- Press Release
- Dec 21, 2022
Beagle 2 Team Moves Closer to Selecting a Landing Site on Mars While Beefing Up its Fundraising on Earth
[26 January 2000]
The developers of the Mars Express lander, more popularly known as “Beagle 2“, now fully expect that their project will be riding aboard the Mars Express spacecraft as it departs Earth for Mars in the Spring of 2003. Beagle 2 is named in honor of the research ship that carried naturalist Charles Darwin around the world in the 1830’s. Like its predecessor, Beagle 2 seeks to look for life – in this case, past or present life on the surface of Mars.
Now comes the task of raising the money to make it happen.
According to a press release issued by the Beagle 2 project, “M&C Saatchi Sponsorship, one of Europe’s leading sponsorship consultancies, today announced that it is to lend its support and commercial expertise to Beagle 2”. This firm will be working with the project team to help them develop marketing and funding strategies. The project needs to raise at least £10 million over the next four years. This is to be done with a combined approach utilizing mix of “sponsorship, merchandising, and public participation”.
After successfully passing both its Systems Engineering Review by ESA and its Preliminary Design Review by the ESA Technical Centre (ESTEC), recommendations made for Beagle 2 went before ESA’s Science Program Committee for endorsement on November 10, 1999.
As a result of a review by ESA, it was decided that the Beagle 2 was, according to an ESA press release, “considered sufficently mature,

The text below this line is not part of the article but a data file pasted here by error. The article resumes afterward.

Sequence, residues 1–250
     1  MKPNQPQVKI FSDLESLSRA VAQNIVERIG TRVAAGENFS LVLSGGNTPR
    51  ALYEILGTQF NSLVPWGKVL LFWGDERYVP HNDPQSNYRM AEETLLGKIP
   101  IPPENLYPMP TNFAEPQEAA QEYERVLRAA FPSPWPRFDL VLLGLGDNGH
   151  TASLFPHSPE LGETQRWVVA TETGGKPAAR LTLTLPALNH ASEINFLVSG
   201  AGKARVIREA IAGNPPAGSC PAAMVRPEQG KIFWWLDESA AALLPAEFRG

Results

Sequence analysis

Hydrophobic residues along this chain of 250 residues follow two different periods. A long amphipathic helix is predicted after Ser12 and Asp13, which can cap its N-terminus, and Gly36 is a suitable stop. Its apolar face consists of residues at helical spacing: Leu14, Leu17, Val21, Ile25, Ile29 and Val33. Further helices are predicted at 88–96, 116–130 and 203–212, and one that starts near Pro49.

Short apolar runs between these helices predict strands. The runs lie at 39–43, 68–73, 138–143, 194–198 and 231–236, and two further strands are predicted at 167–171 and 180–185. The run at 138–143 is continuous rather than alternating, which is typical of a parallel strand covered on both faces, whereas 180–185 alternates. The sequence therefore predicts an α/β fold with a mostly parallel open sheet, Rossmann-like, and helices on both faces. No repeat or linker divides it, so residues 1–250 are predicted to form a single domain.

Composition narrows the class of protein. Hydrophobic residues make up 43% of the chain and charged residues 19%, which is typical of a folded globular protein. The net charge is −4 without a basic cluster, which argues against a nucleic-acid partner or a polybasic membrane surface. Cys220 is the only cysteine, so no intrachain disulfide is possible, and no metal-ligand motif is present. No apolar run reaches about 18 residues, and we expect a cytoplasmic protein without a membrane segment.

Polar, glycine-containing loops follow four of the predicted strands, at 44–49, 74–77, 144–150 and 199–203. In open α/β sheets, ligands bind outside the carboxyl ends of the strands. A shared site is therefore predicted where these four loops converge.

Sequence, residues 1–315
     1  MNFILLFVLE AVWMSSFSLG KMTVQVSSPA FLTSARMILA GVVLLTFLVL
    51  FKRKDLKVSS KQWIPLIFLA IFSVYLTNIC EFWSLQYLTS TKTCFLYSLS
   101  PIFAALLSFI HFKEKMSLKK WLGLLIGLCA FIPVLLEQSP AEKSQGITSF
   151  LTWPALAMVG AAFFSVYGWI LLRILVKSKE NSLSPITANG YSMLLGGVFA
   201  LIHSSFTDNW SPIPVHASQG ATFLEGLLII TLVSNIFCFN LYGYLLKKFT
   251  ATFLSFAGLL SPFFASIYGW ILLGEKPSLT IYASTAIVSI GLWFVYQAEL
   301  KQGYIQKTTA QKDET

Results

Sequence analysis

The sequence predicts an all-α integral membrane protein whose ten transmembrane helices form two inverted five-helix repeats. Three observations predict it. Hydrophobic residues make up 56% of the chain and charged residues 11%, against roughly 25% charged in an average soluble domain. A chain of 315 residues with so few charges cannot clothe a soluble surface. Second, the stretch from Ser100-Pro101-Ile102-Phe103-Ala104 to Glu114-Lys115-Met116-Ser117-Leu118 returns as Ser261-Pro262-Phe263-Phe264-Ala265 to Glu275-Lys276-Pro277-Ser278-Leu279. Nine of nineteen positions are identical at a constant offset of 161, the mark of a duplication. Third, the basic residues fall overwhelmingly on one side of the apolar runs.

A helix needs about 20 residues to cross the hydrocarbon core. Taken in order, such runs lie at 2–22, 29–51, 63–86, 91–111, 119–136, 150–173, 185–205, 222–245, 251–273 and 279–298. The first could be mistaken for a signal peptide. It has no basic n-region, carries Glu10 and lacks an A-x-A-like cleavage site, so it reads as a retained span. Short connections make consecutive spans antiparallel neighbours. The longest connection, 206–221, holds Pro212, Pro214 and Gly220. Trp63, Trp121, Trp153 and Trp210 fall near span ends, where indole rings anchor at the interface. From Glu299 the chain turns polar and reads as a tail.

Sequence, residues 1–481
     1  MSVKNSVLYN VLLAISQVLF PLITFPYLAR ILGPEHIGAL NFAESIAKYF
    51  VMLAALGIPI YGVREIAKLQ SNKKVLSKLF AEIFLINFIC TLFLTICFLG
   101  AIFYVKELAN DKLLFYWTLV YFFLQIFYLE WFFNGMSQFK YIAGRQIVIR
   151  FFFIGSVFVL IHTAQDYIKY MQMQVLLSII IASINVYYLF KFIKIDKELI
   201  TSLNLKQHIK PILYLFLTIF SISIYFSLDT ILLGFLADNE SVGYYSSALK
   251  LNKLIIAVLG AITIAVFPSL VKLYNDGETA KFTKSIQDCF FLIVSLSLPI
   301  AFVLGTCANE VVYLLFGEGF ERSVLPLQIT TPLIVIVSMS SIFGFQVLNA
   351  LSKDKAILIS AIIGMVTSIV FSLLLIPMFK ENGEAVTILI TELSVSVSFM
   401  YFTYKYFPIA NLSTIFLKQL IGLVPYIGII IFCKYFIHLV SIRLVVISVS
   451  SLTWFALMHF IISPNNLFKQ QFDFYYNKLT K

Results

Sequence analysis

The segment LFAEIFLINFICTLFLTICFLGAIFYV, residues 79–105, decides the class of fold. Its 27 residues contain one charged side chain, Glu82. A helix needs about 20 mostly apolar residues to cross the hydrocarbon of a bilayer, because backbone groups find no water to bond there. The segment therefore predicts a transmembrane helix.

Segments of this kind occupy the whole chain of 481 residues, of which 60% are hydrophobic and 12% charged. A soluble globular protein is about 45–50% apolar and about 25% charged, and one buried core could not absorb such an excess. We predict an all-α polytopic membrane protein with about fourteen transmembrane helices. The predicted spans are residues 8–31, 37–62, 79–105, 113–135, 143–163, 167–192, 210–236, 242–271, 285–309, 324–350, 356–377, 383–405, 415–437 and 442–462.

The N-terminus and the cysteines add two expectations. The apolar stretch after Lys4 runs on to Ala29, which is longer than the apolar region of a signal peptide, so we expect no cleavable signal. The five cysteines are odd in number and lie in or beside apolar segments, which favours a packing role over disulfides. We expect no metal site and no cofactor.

both technically and financially, to commence Phase C/D in January 2000.” The news was received earlier than the planned date of February 2000. Again, according to ESA ” as a consequence, the development of the entire Mars Express payload, Orbiter and Lander, can proceed in full harmony. “
While fundraising proceeds, the project team is turning to the task of selecting a landing site for Beagle 2. The team has announced that they have focused their selection down to two candidate sites. According to an ESA press release, “The prospective areas are within the Chryse and Tritonis Lacus regions. Both are at low elevation, which gives more opportunity for the parachutes to brake the descent of Beagle 2. The latitude of the two sites, about 19°N, means that the mission will begin during the Martian late spring, when there is more solar energy to charge batteries and nighttime temperatures are relatively high, making it easier to keep the spacecraft warm. “
Chryse is attractive owing to the fact that it is a region with multiple flood channels that brought materials from Mars’ southern highlands down over its northern plains. Some layering has been observed in the landing area – an indication that standing bodies of water may have existed at one time.
The Tritonis Lacus region is located is on the edge of the Elysium plains and consists of a more eroded landscape than presented by the Chryse location. It is smoother and offers an ideal landing location. The team will contimue to evaluate these potential landing sites throughout 2000 and will settle upon a final selection in February 2001.